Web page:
(AP/Alex Brandon)

GOP's war on women has a new face: Marsha Blackburn

The woman who says women “don’t want” equal pay laws sells the House abortion ban as "saving the lives of women"


Joan Walsh
June 18, 2013 10:53PM (UTC)

Tennessee Rep. Marsha Blackburn happily stepped up and took over the House GOP’s post-20 week abortion ban from Trent Franks this week, after Franks made his ignorant comments about the bill not needing an exception for rape victims, because "the incidence of pregnancy from rape is very low." Franks certainly didn’t help the party with its post Todd Akin outreach to women voters.

Blackburn would seem to be an odd choice to help Republicans improve their popularity with women. On “Meet the Press” just two weeks ago she made headlines by insisting women “don’t want” equal pay laws (she of course voted against the Lilly Ledbetter fair pay act.) Now she’s insisting that the House GOP’s anti-abortion bill is meant to help women, too. While it now includes an exception for victims of rape and incest, it will only apply to women who have reported those crimes to police, when a majority of survivors do not.

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On MSNBC Tuesday morning, Blackburn tried to explain to an incredulous Craig Melvin that the measure is designed to help women, because it will “rid our society of these perpetrators who carry out these crimes, many times repeatedly.”

“How are you fighting rape with an abortion bill?” Melvin asked, and Blackburn gave the new all-purpose GOP answer about abortion: “Something, something, something...Kermit Gosnell.”

Republicans are using the hideous Gosnell case to revive their anti-abortion crusade with a pro-women twist. Blackburn threw all kinds of bogus statistics and junk science at Melvin, who fought back by noting that the American Medical Association and other major physicians’ groups have weighed in and denied the claim that fetuses can feel pain before roughly 24 weeks, the same age at which they are usually considered viable.  Blackburn acted like she didn’t hear him, continuing to blithely insist, “This is one of those issues where science is on our side, public opinion is on our side.”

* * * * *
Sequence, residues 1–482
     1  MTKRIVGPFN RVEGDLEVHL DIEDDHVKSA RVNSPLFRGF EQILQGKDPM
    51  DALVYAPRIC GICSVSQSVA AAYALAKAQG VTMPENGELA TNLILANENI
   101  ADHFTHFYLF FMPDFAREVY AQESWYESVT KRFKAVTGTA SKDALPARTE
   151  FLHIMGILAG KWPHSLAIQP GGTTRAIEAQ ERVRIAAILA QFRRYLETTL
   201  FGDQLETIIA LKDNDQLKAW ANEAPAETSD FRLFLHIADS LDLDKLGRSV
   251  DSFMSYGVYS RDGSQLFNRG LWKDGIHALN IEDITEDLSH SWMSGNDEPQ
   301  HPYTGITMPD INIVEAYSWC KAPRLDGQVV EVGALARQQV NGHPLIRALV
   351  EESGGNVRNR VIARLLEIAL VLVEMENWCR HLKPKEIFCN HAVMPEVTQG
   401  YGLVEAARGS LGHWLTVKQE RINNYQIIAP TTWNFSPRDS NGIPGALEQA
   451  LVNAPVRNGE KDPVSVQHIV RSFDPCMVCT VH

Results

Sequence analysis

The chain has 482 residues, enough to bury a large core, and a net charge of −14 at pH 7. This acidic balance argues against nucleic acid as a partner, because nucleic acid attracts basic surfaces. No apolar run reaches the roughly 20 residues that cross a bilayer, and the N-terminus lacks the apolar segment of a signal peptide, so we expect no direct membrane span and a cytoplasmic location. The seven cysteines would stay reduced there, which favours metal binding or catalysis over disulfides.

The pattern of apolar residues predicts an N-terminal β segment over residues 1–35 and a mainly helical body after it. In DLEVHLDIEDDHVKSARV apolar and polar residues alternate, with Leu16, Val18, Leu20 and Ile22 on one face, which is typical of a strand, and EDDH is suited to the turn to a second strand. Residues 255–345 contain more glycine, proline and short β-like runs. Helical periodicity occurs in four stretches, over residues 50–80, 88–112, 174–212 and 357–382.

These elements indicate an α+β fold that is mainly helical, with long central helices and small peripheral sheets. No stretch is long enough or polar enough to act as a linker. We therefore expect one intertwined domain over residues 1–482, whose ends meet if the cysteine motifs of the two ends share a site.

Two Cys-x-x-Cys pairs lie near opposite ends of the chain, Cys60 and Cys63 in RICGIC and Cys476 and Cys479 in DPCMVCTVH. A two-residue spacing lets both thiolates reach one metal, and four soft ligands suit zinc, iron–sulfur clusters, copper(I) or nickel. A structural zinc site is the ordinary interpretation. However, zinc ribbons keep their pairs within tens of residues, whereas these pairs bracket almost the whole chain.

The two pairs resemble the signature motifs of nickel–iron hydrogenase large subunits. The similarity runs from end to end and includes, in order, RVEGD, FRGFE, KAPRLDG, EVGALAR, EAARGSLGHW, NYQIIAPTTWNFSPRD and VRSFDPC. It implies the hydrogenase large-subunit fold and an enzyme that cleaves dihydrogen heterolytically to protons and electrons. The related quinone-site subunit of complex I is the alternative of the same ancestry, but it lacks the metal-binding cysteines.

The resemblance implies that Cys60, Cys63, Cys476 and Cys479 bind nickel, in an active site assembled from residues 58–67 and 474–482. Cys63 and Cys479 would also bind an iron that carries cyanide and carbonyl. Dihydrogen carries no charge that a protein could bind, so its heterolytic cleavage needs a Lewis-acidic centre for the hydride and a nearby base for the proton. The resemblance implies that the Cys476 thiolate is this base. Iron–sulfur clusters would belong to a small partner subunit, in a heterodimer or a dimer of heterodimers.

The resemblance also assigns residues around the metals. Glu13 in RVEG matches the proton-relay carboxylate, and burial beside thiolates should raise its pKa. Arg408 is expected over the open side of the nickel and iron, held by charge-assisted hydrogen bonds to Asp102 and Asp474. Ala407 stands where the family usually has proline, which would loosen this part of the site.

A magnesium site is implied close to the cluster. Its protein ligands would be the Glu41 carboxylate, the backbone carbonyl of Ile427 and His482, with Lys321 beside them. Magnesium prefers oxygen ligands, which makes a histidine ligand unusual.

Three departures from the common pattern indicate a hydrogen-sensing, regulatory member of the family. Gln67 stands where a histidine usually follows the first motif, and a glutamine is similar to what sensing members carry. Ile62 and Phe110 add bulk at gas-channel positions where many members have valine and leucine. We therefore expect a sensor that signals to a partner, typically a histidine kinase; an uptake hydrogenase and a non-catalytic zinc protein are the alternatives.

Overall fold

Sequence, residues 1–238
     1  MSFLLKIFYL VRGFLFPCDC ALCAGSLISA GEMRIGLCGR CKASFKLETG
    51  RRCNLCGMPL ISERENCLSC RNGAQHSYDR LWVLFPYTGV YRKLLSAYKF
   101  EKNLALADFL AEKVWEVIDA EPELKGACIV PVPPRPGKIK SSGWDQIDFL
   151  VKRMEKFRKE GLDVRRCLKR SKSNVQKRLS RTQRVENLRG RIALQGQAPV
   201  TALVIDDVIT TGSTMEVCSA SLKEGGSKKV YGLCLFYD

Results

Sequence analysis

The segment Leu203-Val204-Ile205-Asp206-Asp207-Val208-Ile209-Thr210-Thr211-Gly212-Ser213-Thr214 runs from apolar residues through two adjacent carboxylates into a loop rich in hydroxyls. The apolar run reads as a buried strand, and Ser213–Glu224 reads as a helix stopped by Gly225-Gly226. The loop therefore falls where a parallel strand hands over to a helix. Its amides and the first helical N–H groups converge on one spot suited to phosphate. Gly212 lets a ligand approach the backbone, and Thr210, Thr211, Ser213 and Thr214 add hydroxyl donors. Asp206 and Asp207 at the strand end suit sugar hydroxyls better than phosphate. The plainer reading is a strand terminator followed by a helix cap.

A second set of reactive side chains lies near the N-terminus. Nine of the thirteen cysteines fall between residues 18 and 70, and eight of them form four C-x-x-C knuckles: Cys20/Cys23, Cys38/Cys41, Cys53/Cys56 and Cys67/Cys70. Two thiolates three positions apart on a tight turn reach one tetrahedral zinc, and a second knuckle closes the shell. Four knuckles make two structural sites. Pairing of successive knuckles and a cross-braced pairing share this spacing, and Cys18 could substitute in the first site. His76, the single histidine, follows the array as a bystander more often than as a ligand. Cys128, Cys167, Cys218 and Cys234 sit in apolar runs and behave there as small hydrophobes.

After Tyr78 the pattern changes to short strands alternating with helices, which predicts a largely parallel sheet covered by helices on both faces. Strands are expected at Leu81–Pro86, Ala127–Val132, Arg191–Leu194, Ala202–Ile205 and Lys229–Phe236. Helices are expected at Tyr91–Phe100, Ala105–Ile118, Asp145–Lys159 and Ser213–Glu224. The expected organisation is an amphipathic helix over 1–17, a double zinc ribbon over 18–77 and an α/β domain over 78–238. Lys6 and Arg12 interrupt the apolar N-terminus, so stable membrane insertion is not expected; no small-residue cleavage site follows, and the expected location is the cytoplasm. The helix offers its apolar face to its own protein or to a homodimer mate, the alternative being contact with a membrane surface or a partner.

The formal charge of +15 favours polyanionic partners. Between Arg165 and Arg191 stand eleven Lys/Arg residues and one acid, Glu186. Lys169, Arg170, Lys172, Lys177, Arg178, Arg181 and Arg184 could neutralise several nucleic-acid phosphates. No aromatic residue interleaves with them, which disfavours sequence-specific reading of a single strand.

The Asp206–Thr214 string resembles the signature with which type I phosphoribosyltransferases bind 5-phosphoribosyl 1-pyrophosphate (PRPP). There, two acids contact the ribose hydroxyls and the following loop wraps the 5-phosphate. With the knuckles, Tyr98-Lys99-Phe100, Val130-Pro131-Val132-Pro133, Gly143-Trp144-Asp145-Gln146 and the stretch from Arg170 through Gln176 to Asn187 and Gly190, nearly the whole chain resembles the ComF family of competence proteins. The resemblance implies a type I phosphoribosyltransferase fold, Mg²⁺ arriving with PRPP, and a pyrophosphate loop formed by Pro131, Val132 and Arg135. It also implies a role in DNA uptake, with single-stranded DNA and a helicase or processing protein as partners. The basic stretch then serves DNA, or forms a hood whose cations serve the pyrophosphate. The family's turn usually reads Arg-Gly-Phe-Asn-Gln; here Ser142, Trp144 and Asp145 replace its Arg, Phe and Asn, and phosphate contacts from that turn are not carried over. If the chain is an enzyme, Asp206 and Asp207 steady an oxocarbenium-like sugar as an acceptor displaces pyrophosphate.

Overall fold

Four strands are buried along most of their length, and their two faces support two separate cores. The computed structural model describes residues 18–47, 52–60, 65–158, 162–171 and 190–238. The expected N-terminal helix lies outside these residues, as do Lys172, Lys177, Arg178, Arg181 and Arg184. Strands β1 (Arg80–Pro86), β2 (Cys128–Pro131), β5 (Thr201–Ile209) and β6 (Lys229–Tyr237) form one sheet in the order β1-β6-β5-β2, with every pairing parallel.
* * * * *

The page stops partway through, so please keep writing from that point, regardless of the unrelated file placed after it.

Blackburn only got rattled when Melvin asked whether, given the fact that the ban won’t pass the Senate, and the president has said he’ll veto it if it did, the bill represented “pandering” to the far right GOP base. Blackburn exploded. “Is saving the lives of women and babies pandering? Absolutely not! I can’t believe you would say something like that!”

I can’t believe Republicans think putting a woman’s face on their anti-women policies is going to trick women into voting for them. Blackburn should have disqualified herself for her new public role when she claimed women “don’t want” pay equity on “Meet the Press.”  Of course, her opposition to equal pay laws puts her squarely in the mainstream of the GOP. Texas Gov. Rick Perry just vetoed his state’s version of the law (following in the footsteps of Wisconsin’s Scott Walker), while Florida Gov. Rick Scott vetoed a bill to provide workers with paid sick leave, which disproportionately benefits women.

But it was Blackburn’s claim that women themselves don’t want equal pay laws that made her special. Here’s what she said:

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You know, I’ve always said that I didn’t want to be given a job because I was a female, I wanted it because I was the most well-qualified person for the job. And making certain that companies are going to move forward in that vein, that is what women want. They don’t want the decisions made in Washington. They want to be able to have the power and the control and the ability to make those decisions for themselves.

That’s funny: women actually want the power to make decisions for themselves in all areas of their lives, especially when it comes to their health – but that’s one kind of power Blackburn thinks belongs in Washington. 


Joan Walsh

Joan Walsh is the author of "What's the Matter With White People: Finding Our Way in the Next America."

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